From too hot to too cold or finding just right, is your thermostat telling the truth? In an article Jennifer Lather, assistant professor of architectural engineering, tells The Washington Post in an interview how persons perceive indoor temperatures thanks to convergent air cycles, similar to colliding air masses that influence meteorological climates. Air circulation, while certainly impactful in a house, apartment or office, is one of several factors influencing how persons experience room temperature, including how the structure was built, proper or improper installation of windows, and even room colors are others.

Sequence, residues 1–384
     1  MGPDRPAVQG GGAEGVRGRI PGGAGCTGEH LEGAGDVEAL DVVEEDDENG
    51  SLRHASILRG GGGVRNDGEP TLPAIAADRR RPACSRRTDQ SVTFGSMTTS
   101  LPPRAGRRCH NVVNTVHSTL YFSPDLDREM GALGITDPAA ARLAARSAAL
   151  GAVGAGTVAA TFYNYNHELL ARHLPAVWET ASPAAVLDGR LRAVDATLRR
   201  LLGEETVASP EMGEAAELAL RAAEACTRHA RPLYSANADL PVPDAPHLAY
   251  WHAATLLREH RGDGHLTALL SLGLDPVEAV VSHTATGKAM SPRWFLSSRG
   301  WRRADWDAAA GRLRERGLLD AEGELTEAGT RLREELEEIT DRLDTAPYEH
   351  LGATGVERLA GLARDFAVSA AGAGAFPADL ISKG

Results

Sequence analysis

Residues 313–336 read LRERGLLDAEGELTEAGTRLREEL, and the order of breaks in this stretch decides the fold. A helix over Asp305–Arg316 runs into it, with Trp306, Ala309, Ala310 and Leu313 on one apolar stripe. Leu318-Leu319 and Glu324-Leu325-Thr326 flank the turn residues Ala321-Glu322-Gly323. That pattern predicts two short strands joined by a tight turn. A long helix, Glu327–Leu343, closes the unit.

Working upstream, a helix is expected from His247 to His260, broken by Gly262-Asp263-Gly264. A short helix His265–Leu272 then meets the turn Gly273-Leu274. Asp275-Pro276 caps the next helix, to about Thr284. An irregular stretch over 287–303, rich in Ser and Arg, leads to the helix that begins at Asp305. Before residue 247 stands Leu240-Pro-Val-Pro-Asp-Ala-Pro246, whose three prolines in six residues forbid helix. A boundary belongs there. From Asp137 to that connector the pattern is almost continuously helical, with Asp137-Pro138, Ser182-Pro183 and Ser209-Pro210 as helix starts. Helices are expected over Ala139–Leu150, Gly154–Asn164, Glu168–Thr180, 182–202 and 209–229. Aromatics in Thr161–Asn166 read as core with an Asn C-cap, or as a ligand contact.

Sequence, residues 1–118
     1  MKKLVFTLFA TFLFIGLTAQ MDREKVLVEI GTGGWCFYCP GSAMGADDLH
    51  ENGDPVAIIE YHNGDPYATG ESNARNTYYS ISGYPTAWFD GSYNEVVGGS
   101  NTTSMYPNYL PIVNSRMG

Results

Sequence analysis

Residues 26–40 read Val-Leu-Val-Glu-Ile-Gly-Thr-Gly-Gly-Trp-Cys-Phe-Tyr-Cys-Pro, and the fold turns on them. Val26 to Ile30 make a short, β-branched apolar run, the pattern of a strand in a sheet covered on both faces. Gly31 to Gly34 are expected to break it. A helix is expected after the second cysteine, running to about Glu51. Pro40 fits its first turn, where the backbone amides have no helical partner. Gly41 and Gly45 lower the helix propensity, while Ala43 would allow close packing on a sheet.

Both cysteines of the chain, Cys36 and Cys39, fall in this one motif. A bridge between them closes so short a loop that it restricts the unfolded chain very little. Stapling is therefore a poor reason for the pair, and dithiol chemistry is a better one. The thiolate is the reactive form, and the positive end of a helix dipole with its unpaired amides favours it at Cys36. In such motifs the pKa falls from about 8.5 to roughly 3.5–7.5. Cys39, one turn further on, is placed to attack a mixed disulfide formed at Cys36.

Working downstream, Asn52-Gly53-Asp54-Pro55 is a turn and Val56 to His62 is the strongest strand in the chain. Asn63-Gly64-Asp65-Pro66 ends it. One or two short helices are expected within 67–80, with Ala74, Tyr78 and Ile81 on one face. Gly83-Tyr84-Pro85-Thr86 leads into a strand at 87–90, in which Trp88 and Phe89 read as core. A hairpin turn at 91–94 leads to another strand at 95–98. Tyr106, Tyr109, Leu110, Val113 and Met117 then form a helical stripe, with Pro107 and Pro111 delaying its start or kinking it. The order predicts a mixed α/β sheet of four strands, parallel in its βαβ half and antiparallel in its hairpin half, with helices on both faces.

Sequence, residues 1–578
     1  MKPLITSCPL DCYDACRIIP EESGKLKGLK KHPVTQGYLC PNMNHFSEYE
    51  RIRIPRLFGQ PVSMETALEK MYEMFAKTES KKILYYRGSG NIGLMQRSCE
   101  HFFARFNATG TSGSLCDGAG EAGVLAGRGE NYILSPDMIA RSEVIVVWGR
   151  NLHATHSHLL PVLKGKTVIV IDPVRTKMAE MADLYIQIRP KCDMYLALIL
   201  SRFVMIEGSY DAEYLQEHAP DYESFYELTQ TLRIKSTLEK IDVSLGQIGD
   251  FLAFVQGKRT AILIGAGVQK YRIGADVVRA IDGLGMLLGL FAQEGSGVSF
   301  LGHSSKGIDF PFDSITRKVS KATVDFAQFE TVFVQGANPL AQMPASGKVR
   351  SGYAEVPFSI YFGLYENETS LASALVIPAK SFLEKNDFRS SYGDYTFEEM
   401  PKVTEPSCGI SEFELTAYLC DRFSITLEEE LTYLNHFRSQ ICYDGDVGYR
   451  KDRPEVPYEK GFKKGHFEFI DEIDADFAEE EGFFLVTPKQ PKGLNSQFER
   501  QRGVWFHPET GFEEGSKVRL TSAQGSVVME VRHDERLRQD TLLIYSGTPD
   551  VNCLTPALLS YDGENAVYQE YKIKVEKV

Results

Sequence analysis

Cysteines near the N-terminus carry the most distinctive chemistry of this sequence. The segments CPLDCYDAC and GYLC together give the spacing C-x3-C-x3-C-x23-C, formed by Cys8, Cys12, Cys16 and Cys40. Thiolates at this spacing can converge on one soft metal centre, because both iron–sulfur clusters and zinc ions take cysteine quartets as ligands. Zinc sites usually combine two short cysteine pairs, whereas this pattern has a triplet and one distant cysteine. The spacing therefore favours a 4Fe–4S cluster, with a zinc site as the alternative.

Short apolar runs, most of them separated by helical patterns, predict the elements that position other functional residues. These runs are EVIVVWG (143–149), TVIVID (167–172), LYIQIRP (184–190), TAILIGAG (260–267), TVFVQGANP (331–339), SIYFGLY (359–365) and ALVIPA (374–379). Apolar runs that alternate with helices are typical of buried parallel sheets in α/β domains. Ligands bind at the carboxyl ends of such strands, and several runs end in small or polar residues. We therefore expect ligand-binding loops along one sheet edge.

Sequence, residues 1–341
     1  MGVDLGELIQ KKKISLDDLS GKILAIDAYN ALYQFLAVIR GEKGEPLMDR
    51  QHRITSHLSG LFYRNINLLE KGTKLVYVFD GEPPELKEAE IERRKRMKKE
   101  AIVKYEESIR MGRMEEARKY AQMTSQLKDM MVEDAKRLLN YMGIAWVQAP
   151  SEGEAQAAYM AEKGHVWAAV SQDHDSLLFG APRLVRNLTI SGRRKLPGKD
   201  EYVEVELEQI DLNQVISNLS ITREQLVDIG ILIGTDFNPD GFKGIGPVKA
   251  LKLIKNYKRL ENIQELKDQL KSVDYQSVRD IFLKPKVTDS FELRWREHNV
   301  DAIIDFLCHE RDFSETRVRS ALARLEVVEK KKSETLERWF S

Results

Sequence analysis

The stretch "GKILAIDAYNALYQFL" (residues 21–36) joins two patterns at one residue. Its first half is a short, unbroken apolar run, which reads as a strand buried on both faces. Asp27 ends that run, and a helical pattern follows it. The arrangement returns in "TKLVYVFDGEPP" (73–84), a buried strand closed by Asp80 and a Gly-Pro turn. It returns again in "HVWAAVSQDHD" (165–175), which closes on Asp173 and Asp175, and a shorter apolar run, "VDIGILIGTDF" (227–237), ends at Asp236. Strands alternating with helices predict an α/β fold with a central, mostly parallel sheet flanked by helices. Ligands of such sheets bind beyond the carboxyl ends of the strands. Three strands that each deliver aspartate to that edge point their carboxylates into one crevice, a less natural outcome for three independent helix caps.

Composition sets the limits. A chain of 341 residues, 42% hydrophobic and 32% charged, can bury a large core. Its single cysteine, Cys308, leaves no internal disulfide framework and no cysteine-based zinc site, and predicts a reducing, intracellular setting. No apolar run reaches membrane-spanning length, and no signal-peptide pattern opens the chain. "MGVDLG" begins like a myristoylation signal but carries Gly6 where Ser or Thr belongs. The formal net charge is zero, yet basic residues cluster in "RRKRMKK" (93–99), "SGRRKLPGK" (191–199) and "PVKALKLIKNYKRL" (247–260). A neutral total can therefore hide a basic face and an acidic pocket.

Lather talked about how “air movement” impacts climate change within the home and how circulating air contributes to people feeling more comfortable whether it’s hot or cold, depending on the time of year.
“We want the air to go up when we want it to be warm in the house and it’s winter” because it makes the temperature across a building more uniform, says Lather, who was recently awarded a planning grant for “Serving At-risk Communities in Disasters: Studying Planning and Response Measures under the Lens of Equity” via the UNL Grand Challenges Catalyst Competition.
Washington Post Article